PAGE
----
The yew, which is a dark, enigmatic and twisted tree of a legend, is looming over the churchyards around Europe. The yew tree is a ubiquitous sight, particularly in the U.K.; still, several people know how old some of these incredible beings are.
Considered the oldest of all trees in Europe, this tree which can be found in the yard of the church St. Cynog’s in Powys, Wales, is about 5,000 or more years old.
There are actually more than 250 such trees across the U.K. which are classified “ancient,” and which means that they were growing for more than 900 years.
The yew tree is notoriously hard to date precisely, so that in 2014, this one which is located at the St. Cynog’s has been the subject of various tests, which included ring counting and DNA analysis.
One expert in the field of tree aging, named Janis Fry, is confident about the fact that this tree is actually the oldest and non-clonal one in Europe. The tests, which were conducted by the Forestry Institute, also concluded that this tree had a ring count of 120 per inch, making it 5,000 or more years old.
According to some official records, the oldest tree in this world is the bristlecone pine which can be found across southern California and which was precisely dated to about 5,068 years old.
But, it is really hard to accurately date the yew trees, while the number of candidates is large, including the yew in the churchyard of St. Cynog’s, which can rival the ancient being.
However, 5 years ago, it was believed that the Fortingall Yew, which is found in Perthshire, in Scotland, roughly dates between 3,000 and 5,000 years. But, according to other sources, the one in St. Cynog’s is even older.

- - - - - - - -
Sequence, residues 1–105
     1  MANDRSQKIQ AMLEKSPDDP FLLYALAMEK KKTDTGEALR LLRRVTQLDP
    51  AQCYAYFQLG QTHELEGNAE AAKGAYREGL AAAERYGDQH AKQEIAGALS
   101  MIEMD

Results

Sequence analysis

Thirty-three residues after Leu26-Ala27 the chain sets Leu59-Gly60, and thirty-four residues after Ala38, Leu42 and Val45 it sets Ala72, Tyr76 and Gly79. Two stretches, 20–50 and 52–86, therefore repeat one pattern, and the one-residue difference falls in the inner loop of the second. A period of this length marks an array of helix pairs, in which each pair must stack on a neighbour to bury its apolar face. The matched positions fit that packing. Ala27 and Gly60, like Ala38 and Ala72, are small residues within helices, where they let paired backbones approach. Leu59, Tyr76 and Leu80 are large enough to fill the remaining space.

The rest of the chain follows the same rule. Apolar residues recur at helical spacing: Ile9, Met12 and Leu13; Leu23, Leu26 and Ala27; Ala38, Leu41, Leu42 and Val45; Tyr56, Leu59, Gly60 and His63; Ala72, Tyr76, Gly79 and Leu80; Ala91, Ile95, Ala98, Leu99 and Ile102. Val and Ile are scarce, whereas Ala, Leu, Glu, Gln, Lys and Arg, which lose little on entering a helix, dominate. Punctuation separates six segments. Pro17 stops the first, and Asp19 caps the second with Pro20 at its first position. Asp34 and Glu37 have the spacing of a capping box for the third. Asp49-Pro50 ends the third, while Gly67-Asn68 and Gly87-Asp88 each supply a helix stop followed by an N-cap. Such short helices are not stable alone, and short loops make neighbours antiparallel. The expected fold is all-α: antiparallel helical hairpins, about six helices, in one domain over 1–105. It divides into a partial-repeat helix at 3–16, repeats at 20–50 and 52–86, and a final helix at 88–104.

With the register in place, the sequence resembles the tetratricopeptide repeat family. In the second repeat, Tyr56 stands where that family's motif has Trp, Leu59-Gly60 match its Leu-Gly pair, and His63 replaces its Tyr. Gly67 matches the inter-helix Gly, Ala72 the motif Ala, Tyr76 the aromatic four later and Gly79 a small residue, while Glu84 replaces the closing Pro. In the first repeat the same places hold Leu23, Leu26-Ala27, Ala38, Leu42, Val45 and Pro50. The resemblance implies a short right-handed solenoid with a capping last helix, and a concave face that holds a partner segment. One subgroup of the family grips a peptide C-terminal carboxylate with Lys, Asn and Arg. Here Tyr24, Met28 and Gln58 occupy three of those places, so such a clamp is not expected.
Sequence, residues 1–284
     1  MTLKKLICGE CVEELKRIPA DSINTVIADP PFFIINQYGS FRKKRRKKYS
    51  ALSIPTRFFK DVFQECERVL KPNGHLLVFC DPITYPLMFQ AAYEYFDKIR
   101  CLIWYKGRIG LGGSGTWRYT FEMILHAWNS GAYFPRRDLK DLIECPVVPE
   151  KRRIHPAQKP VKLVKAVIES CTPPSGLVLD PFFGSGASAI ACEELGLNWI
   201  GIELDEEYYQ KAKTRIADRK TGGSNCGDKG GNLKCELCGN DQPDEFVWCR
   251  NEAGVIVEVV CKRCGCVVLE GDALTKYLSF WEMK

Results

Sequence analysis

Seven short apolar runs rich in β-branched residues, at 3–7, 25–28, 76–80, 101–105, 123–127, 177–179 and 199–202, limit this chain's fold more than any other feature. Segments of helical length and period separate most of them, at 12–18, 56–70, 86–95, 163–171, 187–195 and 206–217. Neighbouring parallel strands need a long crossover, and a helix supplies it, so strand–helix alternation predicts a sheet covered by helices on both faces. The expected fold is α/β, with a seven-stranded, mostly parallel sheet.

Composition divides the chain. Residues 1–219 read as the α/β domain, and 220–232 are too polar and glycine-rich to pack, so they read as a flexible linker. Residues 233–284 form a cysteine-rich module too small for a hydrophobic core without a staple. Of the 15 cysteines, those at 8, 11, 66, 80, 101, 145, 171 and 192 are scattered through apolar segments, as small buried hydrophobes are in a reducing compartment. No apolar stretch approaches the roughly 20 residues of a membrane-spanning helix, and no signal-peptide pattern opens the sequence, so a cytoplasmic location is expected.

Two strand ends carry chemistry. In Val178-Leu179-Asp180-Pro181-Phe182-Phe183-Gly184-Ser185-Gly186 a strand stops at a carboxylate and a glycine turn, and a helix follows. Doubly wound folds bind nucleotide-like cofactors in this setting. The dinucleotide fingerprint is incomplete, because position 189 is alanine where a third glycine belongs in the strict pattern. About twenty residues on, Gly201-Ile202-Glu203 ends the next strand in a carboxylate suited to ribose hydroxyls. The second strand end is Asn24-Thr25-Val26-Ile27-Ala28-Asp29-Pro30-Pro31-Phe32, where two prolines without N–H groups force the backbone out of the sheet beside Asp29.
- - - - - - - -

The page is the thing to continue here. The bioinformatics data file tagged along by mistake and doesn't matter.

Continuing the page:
The difficulties in dating these particular trees appear as while it grows older, the yew’s central trunk usually splits in two or a few main stems, in that way preventing precise dating with the use of heartwood rings.
Well, this is actually the thing with these two trees, as both of them have their trunks fractured. Nonetheless, they are also in great health, giving them the ability to live for more centuries in the future.
Additionally to their decayed and broken appearance, the ancient yews in the U.K. bear history’s mark. There was a cannonball discovered inside of Crowhurst Yew’s trunk in Surrey, in England, believed to be lodged there during the English Civil War from 1642, to 1651.
However, if St. Cynog Yew’s dating is actually correct, it was probably something more than the sapling during the Stonehenge’s construction and being just centuries old, right when The Great Pyramid of Giza has been constructed in the desert. When the Romans stepped in Britain, this tree was thousands of years old.
The yew tree may be found in some churchyards around the U.K., partially as of its ancient mythological importance. This tree carries strong connections with resurrection and death and usually features in Greek and Celtic traditions as the symbol of regeneration and decay.
This is probably as a result of its evergreen foliage or their long lives, additionally to the perceived regenerative abilities. This tree appears to suffer huge decay and damage, splitting open at their trunk; still, they keep thriving.
Even before Christianity appeared, the yew tree was planted in some spiritually important locations and utilized as the part of certain pagan rituals, usually including sacrifice and death.
Later on, ancient traditions which surrounded these trees became merged with the Christian practice, so they have been incorporated in Easter and Lenten celebrations, being the symbol of the death, and the resurrection of Jesus Christ.
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